Civil Rights Investigations In Schools Will Diminish Under Betsy DeVos

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According to The New York Times, the Department of Education is set to shake things up after revealing that Education Secretary Betsy DeVos will cut down on civil rights investigations in schools. This revelation arrived after an internal memo was issued by the acting director of the Civil Rights Office, Candice E. Jackson. The memo was first published by ProPublica.

The memo stated that the investigators within the office would no longer be required to look into sensitive issues within schools. The memo also instructed investigators that sensitive complaints were no longer required to be reported to officials in Washington. These issues include potentially discriminatory attitudes toward minority students within the realm of discipline as well as cases on campus-based sexual assaults.

During Barack Obama's administration, as The New York Times noted, investigations into civil rights issues heightened, leading to a need for investigators to look into individual cases. Such systematic reviews included highly essential findings such as investigating whether minority students were punished more harshly than white students.

In stark contrast to Obama's detailed approach to civil rights inquiries, Donald Trump's administration has been critical of the role of civil rights investigations and has proposed eliminating more than 40 jobs from the civil rights office.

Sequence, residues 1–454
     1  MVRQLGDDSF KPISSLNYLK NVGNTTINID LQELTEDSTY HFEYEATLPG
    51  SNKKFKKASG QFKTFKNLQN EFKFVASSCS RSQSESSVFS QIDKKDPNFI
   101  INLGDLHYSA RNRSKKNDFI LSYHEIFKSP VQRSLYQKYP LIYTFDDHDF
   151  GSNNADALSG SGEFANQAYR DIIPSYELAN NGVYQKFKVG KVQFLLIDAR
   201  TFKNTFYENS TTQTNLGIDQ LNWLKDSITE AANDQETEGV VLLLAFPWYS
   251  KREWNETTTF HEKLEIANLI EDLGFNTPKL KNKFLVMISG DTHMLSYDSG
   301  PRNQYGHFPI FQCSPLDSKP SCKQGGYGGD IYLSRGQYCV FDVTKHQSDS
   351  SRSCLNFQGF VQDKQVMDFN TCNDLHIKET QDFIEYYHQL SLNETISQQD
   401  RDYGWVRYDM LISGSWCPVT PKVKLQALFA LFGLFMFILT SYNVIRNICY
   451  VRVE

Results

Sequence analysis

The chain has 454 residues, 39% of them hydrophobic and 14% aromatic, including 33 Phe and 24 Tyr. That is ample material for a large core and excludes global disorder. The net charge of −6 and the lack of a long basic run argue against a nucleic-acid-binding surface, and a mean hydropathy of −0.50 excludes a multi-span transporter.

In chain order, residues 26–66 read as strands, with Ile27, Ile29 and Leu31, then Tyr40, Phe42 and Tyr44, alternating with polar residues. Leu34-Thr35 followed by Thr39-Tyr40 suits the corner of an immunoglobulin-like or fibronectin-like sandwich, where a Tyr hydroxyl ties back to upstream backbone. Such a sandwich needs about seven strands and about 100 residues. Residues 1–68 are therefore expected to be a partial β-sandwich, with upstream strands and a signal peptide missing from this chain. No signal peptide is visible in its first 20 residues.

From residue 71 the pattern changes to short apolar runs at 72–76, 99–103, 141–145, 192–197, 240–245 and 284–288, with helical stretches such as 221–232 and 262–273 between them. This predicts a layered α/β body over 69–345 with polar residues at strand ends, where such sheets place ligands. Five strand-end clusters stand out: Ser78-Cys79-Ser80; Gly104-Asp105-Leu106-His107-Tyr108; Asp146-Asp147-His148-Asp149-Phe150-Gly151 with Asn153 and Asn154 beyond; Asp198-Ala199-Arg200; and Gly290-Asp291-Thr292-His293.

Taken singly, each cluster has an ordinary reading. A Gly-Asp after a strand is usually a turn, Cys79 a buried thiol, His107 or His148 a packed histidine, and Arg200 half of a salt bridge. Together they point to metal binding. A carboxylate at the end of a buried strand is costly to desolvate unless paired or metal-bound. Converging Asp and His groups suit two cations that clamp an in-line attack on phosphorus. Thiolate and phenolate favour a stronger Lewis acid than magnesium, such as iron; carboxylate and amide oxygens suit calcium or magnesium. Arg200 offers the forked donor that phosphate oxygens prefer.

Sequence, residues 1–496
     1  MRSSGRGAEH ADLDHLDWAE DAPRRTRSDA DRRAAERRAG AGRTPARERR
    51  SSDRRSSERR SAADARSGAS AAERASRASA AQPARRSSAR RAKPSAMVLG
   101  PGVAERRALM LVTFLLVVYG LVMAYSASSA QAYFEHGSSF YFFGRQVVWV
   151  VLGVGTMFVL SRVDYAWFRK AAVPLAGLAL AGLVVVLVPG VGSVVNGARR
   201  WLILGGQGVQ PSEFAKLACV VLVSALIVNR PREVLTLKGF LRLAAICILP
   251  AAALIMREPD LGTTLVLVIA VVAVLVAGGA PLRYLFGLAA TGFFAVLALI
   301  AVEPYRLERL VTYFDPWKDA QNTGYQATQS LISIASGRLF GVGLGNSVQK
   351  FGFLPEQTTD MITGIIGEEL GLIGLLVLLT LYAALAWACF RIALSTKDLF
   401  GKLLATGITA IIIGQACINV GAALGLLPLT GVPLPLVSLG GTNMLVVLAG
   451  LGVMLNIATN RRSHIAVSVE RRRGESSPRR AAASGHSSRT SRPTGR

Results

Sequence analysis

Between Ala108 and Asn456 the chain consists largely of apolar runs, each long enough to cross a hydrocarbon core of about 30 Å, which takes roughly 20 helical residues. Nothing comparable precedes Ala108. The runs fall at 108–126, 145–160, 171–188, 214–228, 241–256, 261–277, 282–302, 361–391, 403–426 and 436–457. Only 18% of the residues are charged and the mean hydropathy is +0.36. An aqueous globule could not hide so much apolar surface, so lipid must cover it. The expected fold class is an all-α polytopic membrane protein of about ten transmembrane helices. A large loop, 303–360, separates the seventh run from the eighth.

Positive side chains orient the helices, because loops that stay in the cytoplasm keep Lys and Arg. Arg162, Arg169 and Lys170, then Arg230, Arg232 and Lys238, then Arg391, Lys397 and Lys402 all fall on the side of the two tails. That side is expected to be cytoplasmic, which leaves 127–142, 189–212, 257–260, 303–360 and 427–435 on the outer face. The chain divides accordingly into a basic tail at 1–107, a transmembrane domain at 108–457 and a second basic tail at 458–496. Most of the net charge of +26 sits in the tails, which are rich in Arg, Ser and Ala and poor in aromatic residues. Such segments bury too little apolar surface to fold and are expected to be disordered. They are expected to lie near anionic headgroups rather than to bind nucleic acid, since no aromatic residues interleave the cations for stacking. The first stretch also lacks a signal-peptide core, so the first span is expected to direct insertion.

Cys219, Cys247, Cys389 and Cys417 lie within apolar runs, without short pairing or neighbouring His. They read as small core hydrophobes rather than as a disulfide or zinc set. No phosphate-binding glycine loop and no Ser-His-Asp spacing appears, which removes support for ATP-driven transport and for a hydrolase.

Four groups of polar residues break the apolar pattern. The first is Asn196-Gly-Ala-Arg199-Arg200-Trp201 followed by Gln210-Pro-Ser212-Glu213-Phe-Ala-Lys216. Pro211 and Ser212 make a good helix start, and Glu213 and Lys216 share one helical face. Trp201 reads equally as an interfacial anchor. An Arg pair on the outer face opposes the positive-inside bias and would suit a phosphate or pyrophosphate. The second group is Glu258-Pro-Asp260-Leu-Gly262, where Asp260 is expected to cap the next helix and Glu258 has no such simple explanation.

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The apparent reason for curtailing civil rights investigations is to cut down on the time and resources spent on cases that soared during Obama's time.

According to The New York Times, Department of Education spokeswoman Liz Hill said that the new approach is to make certain that "every individual complainant gets the care and attention they deserve." According to Jackson, the new guidelines are to place emphasis on efficiency and speed to address inquiries.

On the surface, the rationale for cutting down on the investigations seems to be prudent insofar as cost-effectiveness is concerned. The fundamental crux behind scaling down on civil rights investigations seems to be the need to save the resources used for systematic inquiry and in-depth reviews for more pressing issues.

However, the move has been a source of concern for those opposed to the new guidelines. Critics of DeVos' move say that the effect will be injurious to delivering justice to students. The New York Times reported that Catherine Lhamon, the assistant secretary of the education department's civil rights office during Obama's time, said that the approach to curtail civil rights investigations would lead to a system of "assembly-line justice." A lingering worry for opponents is that the emphasis on efficiency and speed may arrive at the expense of thorough investigations, something the Department of Education cannot do without.